Or, if it's easier to make your donation over the phone, just call 1-800-FLToday, 1-800-358-6329. That's 1-800-“F” as in Family, “L” as in Life, and then the word “TODAY.” When you make a donation just ask for a copy of the new Veggie Tales DVD: It's a Meaningful Life, and we're happy to send that out to you. We do appreciate your support of the ministry of FamilyLife Today, and your partnership with us. It really does mean a lot to us.
You know, as we've talked today about the spiritual foundation that needs to underlie a legacy. How, ultimately, what we value is what's going to be reflected in our legacy. I was reflecting on the conversation you and I had a number of years ago. This was just a few months before Dr. Bill Bright was to go home and meet Jesus, right before he died. We had the opportunity to sit down and talk with him about his life, about his accomplishments, and about his legacy. I remember your asking about what's important in life and how that shapes every decision we face.
Dennis: Yes. We had the privilege of sitting in his living room and he was on oxygen. He had pulmonary fibrosis which is a kind of hardening of the lungs where he was having difficulty breathing. You're going to hear some of that as you hear his answer to this question.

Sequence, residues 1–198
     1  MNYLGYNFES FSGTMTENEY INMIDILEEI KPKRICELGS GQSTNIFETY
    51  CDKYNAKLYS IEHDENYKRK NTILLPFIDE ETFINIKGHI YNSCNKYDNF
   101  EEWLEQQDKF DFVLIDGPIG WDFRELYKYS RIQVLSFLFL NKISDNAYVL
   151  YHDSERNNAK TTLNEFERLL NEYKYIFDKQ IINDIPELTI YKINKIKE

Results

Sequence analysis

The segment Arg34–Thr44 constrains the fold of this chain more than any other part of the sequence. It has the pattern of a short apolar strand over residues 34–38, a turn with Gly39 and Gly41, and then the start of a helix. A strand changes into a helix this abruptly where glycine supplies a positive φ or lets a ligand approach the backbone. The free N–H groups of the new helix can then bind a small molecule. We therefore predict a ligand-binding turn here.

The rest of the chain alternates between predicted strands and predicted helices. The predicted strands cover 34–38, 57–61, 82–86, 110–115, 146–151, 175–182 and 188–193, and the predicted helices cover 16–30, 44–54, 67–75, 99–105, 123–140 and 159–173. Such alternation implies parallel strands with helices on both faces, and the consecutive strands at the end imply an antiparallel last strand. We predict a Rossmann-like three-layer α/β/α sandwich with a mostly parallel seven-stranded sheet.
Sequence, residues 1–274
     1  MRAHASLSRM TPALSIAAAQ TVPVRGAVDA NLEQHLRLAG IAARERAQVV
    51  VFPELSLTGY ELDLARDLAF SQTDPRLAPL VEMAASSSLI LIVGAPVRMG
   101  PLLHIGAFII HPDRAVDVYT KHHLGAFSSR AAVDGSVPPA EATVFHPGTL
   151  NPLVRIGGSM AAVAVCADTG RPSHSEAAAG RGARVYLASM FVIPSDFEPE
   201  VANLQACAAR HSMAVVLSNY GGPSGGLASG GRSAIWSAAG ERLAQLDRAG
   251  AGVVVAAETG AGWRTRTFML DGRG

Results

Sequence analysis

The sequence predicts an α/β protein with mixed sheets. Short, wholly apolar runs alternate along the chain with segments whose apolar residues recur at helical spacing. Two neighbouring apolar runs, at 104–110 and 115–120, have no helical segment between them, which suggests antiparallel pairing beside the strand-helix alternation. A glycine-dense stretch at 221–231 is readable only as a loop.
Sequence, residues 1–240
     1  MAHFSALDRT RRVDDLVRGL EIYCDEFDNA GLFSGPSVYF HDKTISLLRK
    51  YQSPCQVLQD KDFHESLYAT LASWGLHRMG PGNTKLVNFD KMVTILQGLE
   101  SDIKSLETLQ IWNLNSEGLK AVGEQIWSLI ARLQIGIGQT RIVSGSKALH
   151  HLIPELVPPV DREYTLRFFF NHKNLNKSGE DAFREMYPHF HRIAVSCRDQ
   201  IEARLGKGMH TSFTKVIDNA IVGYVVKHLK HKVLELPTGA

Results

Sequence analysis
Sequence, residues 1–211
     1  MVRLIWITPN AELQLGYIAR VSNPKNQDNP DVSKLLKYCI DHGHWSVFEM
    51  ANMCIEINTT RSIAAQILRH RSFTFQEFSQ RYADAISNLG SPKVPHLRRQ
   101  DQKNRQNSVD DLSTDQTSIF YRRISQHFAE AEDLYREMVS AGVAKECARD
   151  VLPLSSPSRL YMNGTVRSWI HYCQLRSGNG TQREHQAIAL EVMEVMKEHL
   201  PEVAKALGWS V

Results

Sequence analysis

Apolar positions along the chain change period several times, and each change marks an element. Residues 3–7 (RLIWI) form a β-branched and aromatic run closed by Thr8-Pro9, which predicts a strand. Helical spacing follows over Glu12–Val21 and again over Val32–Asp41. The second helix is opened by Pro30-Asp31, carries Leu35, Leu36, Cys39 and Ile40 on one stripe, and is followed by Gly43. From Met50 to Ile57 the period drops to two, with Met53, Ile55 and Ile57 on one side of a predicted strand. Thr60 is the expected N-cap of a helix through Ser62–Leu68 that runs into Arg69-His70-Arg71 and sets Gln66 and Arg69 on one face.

Bill Bright: I would say, to all believers love God with all your heart, soul, mind, and strength. Seek first his kingdom. Obey his commandments. Trust his promises. And spend the rest of your life getting to know him so you can love him, and trust him, and obey him without any hesitancy.
Vonette and I have talked about this and concluded my own desire was to die as I've tried to live—Galatians 2:20. Bill Bright is crucified with Christ. And, I asked her if she would bury me in an unmarked grave as a testimony of Galatians 2:20 because dead people are dead. She didn't think it was a good idea.
So, we agreed that we would have on our tombstone, “Bill and Vonette Bright, slaves of Jesus.” Philippians 2:7, Jesus was a slave. God, the Creator, came to earth disguised as a slave. Paul speaks of himself, Romans 1:1, slave and Peter and others so we'd have appropriate references.
Bill and Vonette Bright—slaves of Jesus.
We signed the contract in the spring of 1951, and we literally wrote out a contract and signed it to be His slaves. It's the most liberating thing that's ever happened to us. I want that to be a testimony of the greatest privilege anyone can have—to be a slave of Jesus.
Bob: FamilyLife Today is a production of FamilyLife of Little Rock, Arkansas.